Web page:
I don’t think I can offer up 1,776 reasons to see Musical Theater Heritage’s production of Sherman Edwards’ musical, but I could probably give it a try. It might take more words than most people want to read, but let’s just put it this way — it’s a satisfying evening of great entertainment, a whole lot of history thrown in and Deb Bluford. This name alone should have everyone running, not walking, to the Off Center Theatre in Crown Center.
Bluford continues to reign as the queen of comedy, even when she is taking on the mannerisms and persona of one of America’s founding fathers, Ben Franklin. Bluford, in the intimate space of the Off Center Theatre, not only uses her wit, but her facial expressions. The audience is close enough to see all the silly grins that only add to the charm of Bluford. Playing the sort of foil to Karen Errington’s John Adams is also no small task. Errington is another venerable actress in Kansas City. She depicts the rough-mannered, but brilliant Adams. While not as well-liked or well-remembered until perhaps the recent mini-series, Adams probably pushed for a declaration of independence more than any man in the Continental Congress.
Errington captures Sherman’s lyrics and leads the cast of women with force and determination, befitting the male character she plays. OK, if you haven’t guessed it yet – the entire cast of “1776” is female. Typically, the cast for 1776 is made up of about 20 roles for men, and only two female roles. MTH Executive Director George Harter, Associate Producer Chad Gerlt and Director Sarah Crawford knew they wanted to try this musical. Crawford joked and said it might be funny to do it with an all-female cast instead. Gerlt says there are no crazy statements being made, rather since men always have had the chance to do the show, why not let the ladies have a crack at it? He said it might be a new and fresh voice.
I guarantee that it is a fresh voice. After a time, I forgot that the folks on stage were women. I found myself really enjoying the interplay between Errington and Sarah Kleeman, the mezzo soprano who plays Abigail Adams. First, as an audience member, you appreciate that Abigail makes John seem more human. He is a doting husband who misses his intelligent, thoughtful wife. As a side note, their correspondence may be some of the best reading that exists between a husband and wife. In the hands of Errington and Kleeman, the love affair is brought to life. It may strike some as a little odd, but it really works, especially with “Yours, Yours, Yours.” Kleeman’s voice fills the theater with a brightness that is awe-inspiring. The other couple that appears on stage, if only briefly, is Jessalyn Kincaid as Thomas Jefferson and Emily Shackelford as Martha Jefferson. Shackelford sings a sweet song called “He Plays the Violin,” which she sings with Franklin and Adams that tells of how Jefferson wooed Martha. It’s a super sweet song.
However, I’m going to stick my neck out there and say that there are two songs that are really head and shoulders above the rest. Fourteen-year-old Malena Marcase sings the first: “Momma, Look Sharp.” Here is where an all-women cast probably made this song resonate even more. Marcase plays the young courier/soldier and shares with the Continental Congress custodian Andrew McNair, played by Emily Harris, about battlefields and the young men calling to their mothers as they lay dying. The song is strong and Marcase, for all her youth, puts her heart into delivering this stirring piece. The added potency of the rest of the female cast (hidden behind a curtain) singing the parts of mothers searching for their soldier sons strikes a chord. It moved me to tears.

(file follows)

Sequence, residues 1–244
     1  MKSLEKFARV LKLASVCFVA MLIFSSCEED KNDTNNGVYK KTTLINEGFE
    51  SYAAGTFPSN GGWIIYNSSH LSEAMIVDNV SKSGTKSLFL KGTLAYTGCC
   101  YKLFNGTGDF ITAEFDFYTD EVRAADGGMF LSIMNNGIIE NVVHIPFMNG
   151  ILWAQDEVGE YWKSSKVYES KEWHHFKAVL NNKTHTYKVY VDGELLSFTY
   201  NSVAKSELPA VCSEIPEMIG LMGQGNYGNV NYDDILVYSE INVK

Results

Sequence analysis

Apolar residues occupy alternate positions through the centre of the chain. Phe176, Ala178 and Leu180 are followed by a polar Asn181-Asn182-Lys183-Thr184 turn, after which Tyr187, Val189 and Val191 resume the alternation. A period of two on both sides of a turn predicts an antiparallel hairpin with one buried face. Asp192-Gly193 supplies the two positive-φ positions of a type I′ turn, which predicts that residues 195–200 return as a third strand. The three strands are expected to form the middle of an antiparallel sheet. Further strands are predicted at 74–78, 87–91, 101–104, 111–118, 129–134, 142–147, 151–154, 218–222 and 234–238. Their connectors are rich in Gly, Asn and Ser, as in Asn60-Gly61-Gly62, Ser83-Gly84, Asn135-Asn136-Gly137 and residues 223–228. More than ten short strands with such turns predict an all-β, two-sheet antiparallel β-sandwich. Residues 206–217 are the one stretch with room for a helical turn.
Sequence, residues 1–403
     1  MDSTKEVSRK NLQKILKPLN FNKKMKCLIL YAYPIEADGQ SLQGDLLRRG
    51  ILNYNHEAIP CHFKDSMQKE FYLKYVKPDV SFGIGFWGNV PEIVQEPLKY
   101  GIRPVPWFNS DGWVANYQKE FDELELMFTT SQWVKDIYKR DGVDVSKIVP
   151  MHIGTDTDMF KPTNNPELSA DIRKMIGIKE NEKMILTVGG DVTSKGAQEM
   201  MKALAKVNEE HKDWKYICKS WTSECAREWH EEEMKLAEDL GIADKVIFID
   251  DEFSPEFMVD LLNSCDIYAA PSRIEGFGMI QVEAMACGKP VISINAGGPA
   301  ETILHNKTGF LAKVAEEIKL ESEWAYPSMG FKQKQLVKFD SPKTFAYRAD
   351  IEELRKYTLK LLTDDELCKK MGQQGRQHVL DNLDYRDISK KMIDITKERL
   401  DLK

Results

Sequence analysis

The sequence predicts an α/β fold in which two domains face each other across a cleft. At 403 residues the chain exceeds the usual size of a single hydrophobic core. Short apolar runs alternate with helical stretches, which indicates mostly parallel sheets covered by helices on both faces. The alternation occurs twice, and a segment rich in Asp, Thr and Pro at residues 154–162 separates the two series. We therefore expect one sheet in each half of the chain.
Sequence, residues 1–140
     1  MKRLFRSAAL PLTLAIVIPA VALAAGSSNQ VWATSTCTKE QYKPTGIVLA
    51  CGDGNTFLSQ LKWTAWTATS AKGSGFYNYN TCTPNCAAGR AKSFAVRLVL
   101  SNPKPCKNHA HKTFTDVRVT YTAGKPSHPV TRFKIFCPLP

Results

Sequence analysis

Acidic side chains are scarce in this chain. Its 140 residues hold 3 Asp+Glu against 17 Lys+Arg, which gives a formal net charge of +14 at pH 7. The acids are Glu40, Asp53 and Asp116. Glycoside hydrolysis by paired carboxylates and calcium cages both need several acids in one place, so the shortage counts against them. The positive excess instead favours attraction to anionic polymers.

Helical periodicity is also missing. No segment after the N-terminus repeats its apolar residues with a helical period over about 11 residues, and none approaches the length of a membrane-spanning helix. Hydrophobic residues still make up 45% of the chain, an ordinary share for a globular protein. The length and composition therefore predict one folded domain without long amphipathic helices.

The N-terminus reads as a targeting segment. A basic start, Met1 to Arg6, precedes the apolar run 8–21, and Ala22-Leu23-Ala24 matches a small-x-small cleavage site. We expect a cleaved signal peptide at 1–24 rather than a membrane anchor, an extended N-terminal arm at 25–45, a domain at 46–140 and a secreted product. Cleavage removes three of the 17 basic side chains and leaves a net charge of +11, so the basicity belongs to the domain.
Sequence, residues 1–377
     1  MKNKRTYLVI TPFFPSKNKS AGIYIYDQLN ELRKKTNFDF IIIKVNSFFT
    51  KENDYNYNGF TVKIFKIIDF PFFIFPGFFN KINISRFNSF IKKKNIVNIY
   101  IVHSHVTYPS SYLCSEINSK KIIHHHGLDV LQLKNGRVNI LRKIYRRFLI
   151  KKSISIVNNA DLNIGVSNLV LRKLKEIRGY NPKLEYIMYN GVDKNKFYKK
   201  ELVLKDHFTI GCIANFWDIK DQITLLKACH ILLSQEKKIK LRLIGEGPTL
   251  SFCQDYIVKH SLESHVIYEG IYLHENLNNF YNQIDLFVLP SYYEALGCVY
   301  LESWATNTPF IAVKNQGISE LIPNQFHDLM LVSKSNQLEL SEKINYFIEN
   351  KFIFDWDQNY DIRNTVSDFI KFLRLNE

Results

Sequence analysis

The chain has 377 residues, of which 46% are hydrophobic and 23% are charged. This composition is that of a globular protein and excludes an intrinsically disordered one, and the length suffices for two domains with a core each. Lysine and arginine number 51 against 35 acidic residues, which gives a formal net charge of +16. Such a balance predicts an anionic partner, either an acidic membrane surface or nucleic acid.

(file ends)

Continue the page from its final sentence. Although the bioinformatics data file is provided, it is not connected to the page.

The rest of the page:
The second showstopper is “Molasses to Rum.” Katie Karel, I want you to know that you have a fan in this writer. I had the chance to see you sing in last year’s production of “Big River” and then at the Kansas City Repertory’s production of “Into the Woods.” Your voice is mighty. Listening to you belt out this piece about how even those Continental Congress members who were so against slavery owed so much to the practice, gave me goose bumps. Karel plays Edward Rutledge, the delegate from South Carolina. Rutledge could have stopped the declaration if the paragraph condemning the institution of slavery would have made it in.
The actresses all are amazing. I have to call out to two actresses who stole a little bit of the comedic gold that is usually reserved for Bluford. Allison Moody plays Richard Henry Lee, the representative from Virginia who put forth the motion to the Continental Congress to declare independence. She sings a song titled “The Lees of Old Virginia” that had the audience roaring with laughter. Retired teacher Cathy Wood plays Stephen Hopkins from Rhode Island. In the musical, Hopkins is a sort of cantankerous drunkard whose force of personality helps keep the Continental Congress together and Wood has fun with this role.
So there it is; I thoroughly enjoyed the musical. I have a feeling that from here on out, when “1776” comes on television, it will be a pale comparison to the unique and live production that Musical Theater Heritage offered up. Now, run … don’t walk to the box office for the performance of “1776.” Shows are 7 p.m., Thursdays; 8 p.m., Fridays; 2 p.m. and 8 p.m., Saturdays; and 2 p.m., Sundays. The musical is scheduled to end Aug. 29.